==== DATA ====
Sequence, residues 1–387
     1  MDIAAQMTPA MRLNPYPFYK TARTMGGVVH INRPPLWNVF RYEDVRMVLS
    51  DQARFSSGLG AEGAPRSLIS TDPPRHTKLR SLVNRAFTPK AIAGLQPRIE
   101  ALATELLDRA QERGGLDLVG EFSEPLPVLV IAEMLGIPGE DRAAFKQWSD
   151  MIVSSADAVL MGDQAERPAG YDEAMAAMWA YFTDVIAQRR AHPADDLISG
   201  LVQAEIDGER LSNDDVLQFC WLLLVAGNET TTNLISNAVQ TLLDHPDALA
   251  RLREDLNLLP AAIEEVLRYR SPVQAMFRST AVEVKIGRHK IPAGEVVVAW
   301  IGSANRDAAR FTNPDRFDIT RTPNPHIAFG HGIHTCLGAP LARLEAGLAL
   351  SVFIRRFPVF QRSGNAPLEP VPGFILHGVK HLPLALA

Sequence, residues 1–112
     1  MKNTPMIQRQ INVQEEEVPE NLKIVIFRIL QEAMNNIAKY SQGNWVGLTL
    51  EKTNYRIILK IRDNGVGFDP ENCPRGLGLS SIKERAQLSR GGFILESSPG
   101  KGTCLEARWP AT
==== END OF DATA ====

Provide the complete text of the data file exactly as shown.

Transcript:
Sequence, residues 1–387
     1  MDIAAQMTPA MRLNPYPFYK TARTMGGVVH INRPPLWNVF RYEDVRMVLS
    51  DQARFSSGLG AEGAPRSLIS TDPPRHTKLR SLVNRAFTPK AIAGLQPRIE
   101  ALATELLDRA QERGGLDLVG EFSEPLPVLV IAEMLGIPGE DRAAFKQWSD
   151  MIVSSADAVL MGDQAERPAG YDEAMAAMWA YFTDVIAQRR AHPADDLISG
   201  LVQAEIDGER LSNDDVLQFC WLLLVAGNET TTNLISNAVQ TLLDHPDALA
   251  RLREDLNLLP AAIEEVLRYR SPVQAMFRST AVEVKIGRHK IPAGEVVVAW
   301  IGSANRDAAR FTNPDRFDIT RTPNPHIAFG HGIHTCLGAP LARLEAGLAL
   351  SVFIRRFPVF QRSGNAPLEP VPGFILHGVK HLPLALA

Sequence, residues 1–112
     1  MKNTPMIQRQ INVQEEEVPE NLKIVIFRIL QEAMNNIAKY SQGNWVGLTL
    51  EKTNYRIILK IRDNGVGFDP ENCPRGLGLS SIKERAQLSR GGFILESSPG
   101  KGTCLEARWP AT